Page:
Tuesday, October 29, 2013

Rulebook Casefile: Denying Synthesis in An Education

Yesterday, we looked at one reason why the “third act” of An Education is so short: the story isn’t as interesting once Jenny has dumped her con man fiance, and we don’t want to watch her study for her tests.  That works out just fine.  Nobody misses those beats, and the ending is still satisfying.

This was true in Nick Hornby’s script as well, but somewhat less so.  Director Lone Scherfig is extremely faithful to the script overall, but she cuts several exchanges out of the last part of the script, and replaces the last page entirely.  These judicious cuts made the movie much better, and exemplified the importance of not allowing the characters to process the theme.

In the finished film, we end with Jenny, at Oxford, happily riding a bicycle through campus with a boy she seems to be dating, as we hear a voiceover (for the first time in the movie), saying that she tried to forget the whole thing, and one day, when a boy asked her to go to Paris with him, she said yes... “as if I’d never been.”  Fade to black. 

On the last page of the original script, we also have Jenny bicycling through Oxford, but then, one day...

This is way too much closure. What’s so great about the final onscreen ending is that it’s haunting. She never expunges the ghost of David, so he hovers over her whole life. She can pretend that it never happened, but she’ll always know better.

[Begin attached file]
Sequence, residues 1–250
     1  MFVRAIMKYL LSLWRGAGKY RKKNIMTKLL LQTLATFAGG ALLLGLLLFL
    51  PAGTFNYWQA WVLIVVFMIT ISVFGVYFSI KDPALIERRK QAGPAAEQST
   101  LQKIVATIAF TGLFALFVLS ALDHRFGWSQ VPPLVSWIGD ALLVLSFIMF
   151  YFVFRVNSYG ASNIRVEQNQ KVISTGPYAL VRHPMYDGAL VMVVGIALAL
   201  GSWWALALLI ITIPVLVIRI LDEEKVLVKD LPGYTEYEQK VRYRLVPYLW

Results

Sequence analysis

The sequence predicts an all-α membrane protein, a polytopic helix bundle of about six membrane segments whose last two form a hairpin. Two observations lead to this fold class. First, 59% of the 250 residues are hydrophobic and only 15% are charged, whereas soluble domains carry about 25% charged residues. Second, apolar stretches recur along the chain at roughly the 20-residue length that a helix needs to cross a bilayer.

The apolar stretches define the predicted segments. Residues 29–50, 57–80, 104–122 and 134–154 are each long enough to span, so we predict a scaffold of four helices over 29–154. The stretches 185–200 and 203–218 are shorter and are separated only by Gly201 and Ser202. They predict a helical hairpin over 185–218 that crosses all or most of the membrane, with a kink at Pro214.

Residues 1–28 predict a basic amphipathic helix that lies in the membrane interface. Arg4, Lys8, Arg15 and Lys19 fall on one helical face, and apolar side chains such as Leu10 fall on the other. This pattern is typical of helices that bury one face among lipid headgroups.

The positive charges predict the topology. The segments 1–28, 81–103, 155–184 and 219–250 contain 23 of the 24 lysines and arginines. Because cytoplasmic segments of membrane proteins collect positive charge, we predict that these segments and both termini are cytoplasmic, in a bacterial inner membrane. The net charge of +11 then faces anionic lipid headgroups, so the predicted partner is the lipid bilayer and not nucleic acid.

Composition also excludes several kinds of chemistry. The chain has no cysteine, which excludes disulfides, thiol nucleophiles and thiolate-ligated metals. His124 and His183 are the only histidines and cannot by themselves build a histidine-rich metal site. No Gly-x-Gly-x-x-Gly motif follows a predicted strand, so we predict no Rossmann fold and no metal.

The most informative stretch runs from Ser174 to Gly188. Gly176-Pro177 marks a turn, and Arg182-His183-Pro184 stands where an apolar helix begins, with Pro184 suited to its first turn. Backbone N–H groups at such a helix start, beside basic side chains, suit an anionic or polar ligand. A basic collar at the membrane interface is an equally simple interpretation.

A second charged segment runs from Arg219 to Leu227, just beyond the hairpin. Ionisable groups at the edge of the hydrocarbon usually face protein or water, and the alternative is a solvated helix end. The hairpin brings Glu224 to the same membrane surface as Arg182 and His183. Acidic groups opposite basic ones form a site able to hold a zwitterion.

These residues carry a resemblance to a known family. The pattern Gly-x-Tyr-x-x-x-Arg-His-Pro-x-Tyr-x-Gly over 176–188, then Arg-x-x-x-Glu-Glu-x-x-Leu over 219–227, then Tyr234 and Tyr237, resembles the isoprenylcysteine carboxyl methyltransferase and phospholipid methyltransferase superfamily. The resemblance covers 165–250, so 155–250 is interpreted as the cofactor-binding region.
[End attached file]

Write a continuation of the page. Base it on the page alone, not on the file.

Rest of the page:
Director Lone Scherfig knew she had a brilliant script  on her hands...but she also knew that the last page blew it, and a better last page would make it a classic. She kept pushing until she found the last page the movie needed.

But wait, we’re not done!  Tomorrow, we derive a new rule from this movie, and what it does better than a certain Oscar-favorite screenwriter...


j.s. said...

This is also the difference between a more open-ended, novelistic -- dare I say emotionally "realistic" -- approach and the kind of philosophy espoused by more conventional Hollywood screenwriting advice gurus and by the worst kinds of studio notes. I just screened A WOMAN UNDER THE INFLUENCE again. And not only is the ending of that film haunting and ambiguous and open and unspoken like so many things in life but so are the dozens of other key moments that make it so great.

I'm always especially suspicious of coming of age stories that wrap themselves up too neatly. Because the true subject of most great stories about growing up is the recounting of the protagonists' first encounter with the irreducible complexity, strangeness and irresolution of existence.

Matt Bird said...

Aha, the longest comment drought ever is over!

Yes, I agree. Really, in a good period coming-of-age story like this one, the real third act is the writing of the story itself. Only, now, all these years later, can they come to grips with it and settle the score by putting their cri de couer out into the world.